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Nervous About Going Abroad? Safety Tips for Travelers

Updated: Nov 12, 2023

Because you can be safe and not stress too much- it seems scarier in your head, trust me.

small boat floating through amazon jungle
Floating through the Amazon

For many potential travelers, the thought of taking a solo adventure sounds both thrilling and intimidating. The biggest apprehension I usually hear is, “Is it safe?” The answer is yes– with some common sense and adherence to some basic safety guidelines, you can drastically reduce your likelihood for encountering trouble while traveling alone (or with friends, for that matter)! So, I’ve compiled 13 key safety tips for travelers. While this is not an exhaustive list, they’re the ones I concentrate on the most when I’m traveling alone. And the best part? They’re mostly common sense, easy to do, and are good practices to use any time you travel- not just when solo!


1. NEVER tell anyone where you are staying.

Sounds simple, but you’d be surprised how easily it can come out in casual conversation. People will be curious about you, and it can be exciting to make local connections- but you must practice caution! Have you seen the movie Taken? ‘Nuff said. One day in Quito, I had an impromptu conversation (in Spanish!) with a local man during lunch. In the process of small talk he asked me where I was living in Quito. He seemed kind and harmless, and I almost instinctively told him- but then I remembered this rule. I ended up saying “near La Mariscal”, which was the touristy area, and a very likely response. He didn’t question that reply, and I maintained my safety. Always err on the side of giving less information out!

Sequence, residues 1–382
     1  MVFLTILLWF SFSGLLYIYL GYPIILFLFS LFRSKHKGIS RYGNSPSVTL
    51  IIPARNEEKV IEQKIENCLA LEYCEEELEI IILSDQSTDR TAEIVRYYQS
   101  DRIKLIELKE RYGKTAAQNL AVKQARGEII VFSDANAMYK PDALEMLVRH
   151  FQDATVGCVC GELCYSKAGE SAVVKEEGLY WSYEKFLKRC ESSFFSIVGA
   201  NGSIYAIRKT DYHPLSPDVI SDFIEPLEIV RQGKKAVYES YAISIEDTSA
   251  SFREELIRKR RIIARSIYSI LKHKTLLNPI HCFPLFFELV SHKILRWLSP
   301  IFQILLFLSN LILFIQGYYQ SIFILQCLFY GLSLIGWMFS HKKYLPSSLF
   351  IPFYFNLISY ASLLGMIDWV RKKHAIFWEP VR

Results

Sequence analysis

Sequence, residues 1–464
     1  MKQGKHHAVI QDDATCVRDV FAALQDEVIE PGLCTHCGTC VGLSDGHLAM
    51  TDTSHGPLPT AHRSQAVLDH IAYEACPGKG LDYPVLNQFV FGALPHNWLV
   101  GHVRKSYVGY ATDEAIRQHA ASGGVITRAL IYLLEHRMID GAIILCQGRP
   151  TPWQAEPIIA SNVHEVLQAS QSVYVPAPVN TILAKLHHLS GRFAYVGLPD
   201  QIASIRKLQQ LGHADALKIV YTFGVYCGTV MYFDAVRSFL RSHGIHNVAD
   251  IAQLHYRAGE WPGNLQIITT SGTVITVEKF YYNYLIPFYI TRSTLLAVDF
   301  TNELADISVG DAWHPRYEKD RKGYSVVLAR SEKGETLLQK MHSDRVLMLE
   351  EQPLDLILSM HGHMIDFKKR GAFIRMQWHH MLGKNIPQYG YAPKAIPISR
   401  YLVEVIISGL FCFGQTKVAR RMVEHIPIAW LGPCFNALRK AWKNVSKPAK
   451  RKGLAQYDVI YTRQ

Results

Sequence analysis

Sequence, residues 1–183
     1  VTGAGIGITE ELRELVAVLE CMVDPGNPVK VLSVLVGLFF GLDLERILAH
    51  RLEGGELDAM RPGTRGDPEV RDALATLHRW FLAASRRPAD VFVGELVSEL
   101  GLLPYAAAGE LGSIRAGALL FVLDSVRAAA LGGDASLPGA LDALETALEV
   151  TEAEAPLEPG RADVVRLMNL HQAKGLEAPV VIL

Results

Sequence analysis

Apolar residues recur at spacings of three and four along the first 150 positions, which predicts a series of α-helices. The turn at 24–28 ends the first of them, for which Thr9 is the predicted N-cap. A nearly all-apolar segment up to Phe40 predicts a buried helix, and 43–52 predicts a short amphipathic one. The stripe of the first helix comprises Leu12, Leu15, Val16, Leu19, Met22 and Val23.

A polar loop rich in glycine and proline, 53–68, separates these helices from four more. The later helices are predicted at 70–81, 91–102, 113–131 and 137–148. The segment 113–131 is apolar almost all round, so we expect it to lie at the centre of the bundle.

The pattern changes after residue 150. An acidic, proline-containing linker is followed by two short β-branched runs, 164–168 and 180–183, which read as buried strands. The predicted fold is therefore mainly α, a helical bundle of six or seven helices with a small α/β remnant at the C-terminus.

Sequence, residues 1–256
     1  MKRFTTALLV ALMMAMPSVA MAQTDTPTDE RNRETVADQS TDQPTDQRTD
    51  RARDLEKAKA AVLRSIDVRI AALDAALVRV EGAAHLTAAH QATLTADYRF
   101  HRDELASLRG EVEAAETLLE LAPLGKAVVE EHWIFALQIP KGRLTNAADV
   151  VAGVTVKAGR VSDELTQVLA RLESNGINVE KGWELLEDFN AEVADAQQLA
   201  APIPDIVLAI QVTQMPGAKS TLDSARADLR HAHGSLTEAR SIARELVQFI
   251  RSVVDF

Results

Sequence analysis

2. If you don’t want to be pick pocketed, don’t look like a target.

Don’t wear flashy anything- jewelry, watches, purses, etc. And I know you want to track your steps walking around town, but be cognizant of the impression your Fitbit is giving out! I rarely bring my Garmin running watch with me abroad, but if I do, I bring my old one and cover it up with a wrist sweatband to hide it.

lost tourist with suitcase on streets of Paris
The “lost, exhausted, overloaded traveler” look- a thief’s dream!

3. Be careful of how/when you pull out your phone:

Basically: *not in the street*. Duck into a shop to check it, or preview walking the directions before leaving. Every time you pull out (and put back) your phone/camera/wallet in public, you show thieves what you have and where you keep it! This is especially true on public transportation. And NEVER use headphones walking down the street (or really ever in public)- you cannot detect potential threats without being able to hear! It can also distract you from vehicular traffic- and pedestrians frequently get hit by cars and careless drivers in other countries (I’ve seen it personally!).

group of tourists taking photos with tablets
Taking photos with your iPad is not exactly inconspicuous…

4. Never leave a purse, phone, wallet, backpack, etc. sitting on an empty seat or the floor next to you at a cafe.

Anyone can just walk right past and swipe it! Put your valuables inside your bag, and stick an arm or foot through the strap at all times so it cannot be carried off. Or keep it on your lap at all times. Also, side/front bags are more preferable to carry than a backpack, because you cannot see/feel a pickpocket on your back easily. Any bag should have a zipper closure!

5. Split up your money.

Only bring a small amount of money with you on each outing, and never bring all of your credit cards with you at the same time. Split large amounts of cash, and different credit cards, up among different bags, or purses, etc; in case one is stolen or broken into. Also, it’s usually better to bring a copy of your passport out and about with you, versus the real thing. Lock the real one up somewhere safe (room safe, front desk safe, well hidden in your dirty underwear and locked inside luggage, etc).